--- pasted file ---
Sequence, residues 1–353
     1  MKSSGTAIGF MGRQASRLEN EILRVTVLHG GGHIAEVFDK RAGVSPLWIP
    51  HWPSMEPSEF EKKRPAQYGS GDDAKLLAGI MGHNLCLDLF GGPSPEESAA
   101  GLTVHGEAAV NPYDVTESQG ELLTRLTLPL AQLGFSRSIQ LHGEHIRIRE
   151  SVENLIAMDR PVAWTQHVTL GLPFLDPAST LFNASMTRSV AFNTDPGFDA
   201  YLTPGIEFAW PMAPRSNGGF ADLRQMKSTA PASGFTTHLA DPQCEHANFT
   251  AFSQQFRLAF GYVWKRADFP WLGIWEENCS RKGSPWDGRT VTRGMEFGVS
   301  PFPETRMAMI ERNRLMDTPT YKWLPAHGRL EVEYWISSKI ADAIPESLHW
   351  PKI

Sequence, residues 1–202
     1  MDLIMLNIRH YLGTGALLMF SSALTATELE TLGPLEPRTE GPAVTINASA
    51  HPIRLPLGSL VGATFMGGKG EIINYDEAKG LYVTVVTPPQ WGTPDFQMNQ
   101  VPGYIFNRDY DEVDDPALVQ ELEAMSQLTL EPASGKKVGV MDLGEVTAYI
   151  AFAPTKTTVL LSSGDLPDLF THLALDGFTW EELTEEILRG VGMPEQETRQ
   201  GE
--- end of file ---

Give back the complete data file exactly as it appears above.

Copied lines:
Sequence, residues 1–353
     1  MKSSGTAIGF MGRQASRLEN EILRVTVLHG GGHIAEVFDK RAGVSPLWIP
    51  HWPSMEPSEF EKKRPAQYGS GDDAKLLAGI MGHNLCLDLF GGPSPEESAA
   101  GLTVHGEAAV NPYDVTESQG ELLTRLTLPL AQLGFSRSIQ LHGEHIRIRE
   151  SVENLIAMDR PVAWTQHVTL GLPFLDPAST LFNASMTRSV AFNTDPGFDA
   201  YLTPGIEFAW PMAPRSNGGF ADLRQMKSTA PASGFTTHLA DPQCEHANFT
   251  AFSQQFRLAF GYVWKRADFP WLGIWEENCS RKGSPWDGRT VTRGMEFGVS
   301  PFPETRMAMI ERNRLMDTPT YKWLPAHGRL EVEYWISSKI ADAIPESLHW
   351  PKI

Sequence, residues 1–202
     1  MDLIMLNIRH YLGTGALLMF SSALTATELE TLGPLEPRTE GPAVTINASA
    51  HPIRLPLGSL VGATFMGGKG EIINYDEAKG LYVTVVTPPQ WGTPDFQMNQ
   101  VPGYIFNRDY DEVDDPALVQ ELEAMSQLTL EPASGKKVGV MDLGEVTAYI
   151  AFAPTKTTVL LSSGDLPDLF THLALDGFTW EELTEEILRG VGMPEQETRQ
   201  GE